Be sure to listen to the free music sampling* at the end of the interview and Top Ten playlist. One of my favorite songs from a long string of The DARTS rockers.


Anthony: How you gals get together and come up with the name of the band?

The Darts: The band was formed in 2016 when Christina and I, upon the ending of our previous band together, decided it was high time to form the all-girl garage rock band we had both dreamed of for years. We intended it as a side project and recruited our favorite musicians for it. We named the band after those little seams in women's blouses known as "darts". After recording demos of the first two original songs, we were all so thrilled with it that we wanted it to be more than a side project, and it took off especially when we signed with Dirty Water Records (London) a few months later. Everything you might want to know about us can be found at

Anthony: What are the musical influences of the band?

The Darts: The Trashwomen, The Stooges, Billy Childish, Ty Segall, The Damned, Dead Kennedys, The Gories, Nick Cave, Spray Tan, Night Beats, The Coathangers, LA Witch, King Khan and The Shrines.

Anthony: Ultimately, it's the music that will win the fans over to the band. That's what wowed me. Is the attire of the band something that will evolve?

The Darts: Thanks so much for saying that! The goal of the band was always to be ourselves and have a great time together, while making the kind of music we like to listen to ourselves. Initially we wanted our look to be something like 1960s secretaries who came home from work, took their dresses off, and jumped on stage in slips and bare feet. We did that for the first year and then wanted to change it up, so we went to pleather catsuits after that. Then recently we decided to incorporate black velvet into our stage outfits, with each of us just using that as a starting point and not matching. I kind of miss the matching to be honest, but it's also cool to see everyone's own take on the general concept evolving. Maybe pink hazmat suits and helmets are next, I don't know.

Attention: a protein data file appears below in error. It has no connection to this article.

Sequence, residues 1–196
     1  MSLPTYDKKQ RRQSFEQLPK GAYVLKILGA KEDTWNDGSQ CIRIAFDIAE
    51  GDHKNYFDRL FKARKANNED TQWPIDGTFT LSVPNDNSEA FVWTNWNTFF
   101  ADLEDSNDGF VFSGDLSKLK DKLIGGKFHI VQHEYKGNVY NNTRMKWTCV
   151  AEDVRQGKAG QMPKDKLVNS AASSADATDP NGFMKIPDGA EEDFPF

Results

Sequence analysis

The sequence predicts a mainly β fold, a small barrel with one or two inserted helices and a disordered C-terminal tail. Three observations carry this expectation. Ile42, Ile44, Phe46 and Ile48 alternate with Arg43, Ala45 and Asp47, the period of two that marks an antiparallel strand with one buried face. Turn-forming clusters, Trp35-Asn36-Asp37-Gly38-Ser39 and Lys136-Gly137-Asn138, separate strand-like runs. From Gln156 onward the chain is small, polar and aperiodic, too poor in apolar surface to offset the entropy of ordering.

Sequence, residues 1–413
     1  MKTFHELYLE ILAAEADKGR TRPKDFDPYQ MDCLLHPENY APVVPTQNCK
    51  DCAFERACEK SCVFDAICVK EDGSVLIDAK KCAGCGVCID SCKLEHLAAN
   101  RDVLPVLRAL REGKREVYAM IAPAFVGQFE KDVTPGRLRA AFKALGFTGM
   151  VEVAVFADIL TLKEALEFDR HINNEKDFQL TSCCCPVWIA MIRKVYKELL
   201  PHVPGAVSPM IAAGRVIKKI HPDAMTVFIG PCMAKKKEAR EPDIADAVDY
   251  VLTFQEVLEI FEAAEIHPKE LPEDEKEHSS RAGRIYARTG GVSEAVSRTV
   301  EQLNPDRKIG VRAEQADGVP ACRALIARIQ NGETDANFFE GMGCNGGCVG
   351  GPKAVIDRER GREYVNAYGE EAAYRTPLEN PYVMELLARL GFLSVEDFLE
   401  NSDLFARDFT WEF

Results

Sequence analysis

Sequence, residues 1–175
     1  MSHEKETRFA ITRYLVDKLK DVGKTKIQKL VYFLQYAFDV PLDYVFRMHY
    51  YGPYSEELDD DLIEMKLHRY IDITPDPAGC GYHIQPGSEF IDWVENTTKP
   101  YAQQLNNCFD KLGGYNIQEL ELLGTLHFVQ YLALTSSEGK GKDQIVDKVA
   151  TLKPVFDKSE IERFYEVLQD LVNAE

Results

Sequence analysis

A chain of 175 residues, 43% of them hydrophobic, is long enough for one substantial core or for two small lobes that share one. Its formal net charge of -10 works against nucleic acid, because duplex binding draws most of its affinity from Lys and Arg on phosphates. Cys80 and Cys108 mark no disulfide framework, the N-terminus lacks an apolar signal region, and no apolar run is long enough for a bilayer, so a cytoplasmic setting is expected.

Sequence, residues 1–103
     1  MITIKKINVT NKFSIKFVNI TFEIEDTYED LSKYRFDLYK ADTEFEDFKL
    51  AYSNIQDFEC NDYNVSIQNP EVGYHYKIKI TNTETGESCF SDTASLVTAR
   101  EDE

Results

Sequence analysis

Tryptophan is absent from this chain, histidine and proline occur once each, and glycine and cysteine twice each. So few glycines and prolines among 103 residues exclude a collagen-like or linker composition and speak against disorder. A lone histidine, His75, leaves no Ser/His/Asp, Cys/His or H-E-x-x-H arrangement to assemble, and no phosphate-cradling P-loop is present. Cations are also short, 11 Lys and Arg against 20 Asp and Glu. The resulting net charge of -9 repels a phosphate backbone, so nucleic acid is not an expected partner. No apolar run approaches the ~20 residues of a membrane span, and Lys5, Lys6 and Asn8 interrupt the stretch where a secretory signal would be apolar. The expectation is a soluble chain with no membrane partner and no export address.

Anthony: Describe your musical style for us. It has a timeless feel to it. Hard to categorize.

The Darts: We call it garage-psych-punk-rock, but that's only because there really isn't a clear niche we find ourselves in. We literally don't think of a genre when we write the songs, we just use riffs and sounds that speak to us as listeners and see what happens. Let's just call it Darts Rock I guess.

Anthony: Where do you see your place in the history of "girl bands"? Running with it or running over the image?

The Darts: "Girl bands" really run the gamut throughout history - some rely on gimmicks and cuteness, some bring the musical power and toughness. My goal with this project is to prove to ourselves that we can be shamelessly female - meaning, yeah we care about sexiness and showmanship and accessibility - but we can also bring the rock. So that if you close your eyes, or you just have records, your ears are thrilled no matter what we are all like personally. I guess that means expanding the "girl band" image maybe.

Anthony: Tell us about the CD you now have available. What is the name of the CD? Where can my readers find and purchase it?

The Darts: We put out two EPs in our first few months together, which our label then combined into one album and re-released this past summer as The Darts LP. Our first full-length record, Me.Ow., came out this past spring. Then we put out a 7" with Alternative Tentacles Records this past summer with two singles on it. We also just recorded a Christmas cover for a compilation coming out this winter. Everything is available at and on all the usual online outlets - spotify, itunes, bandcamp, storenvy, amazon, you name it.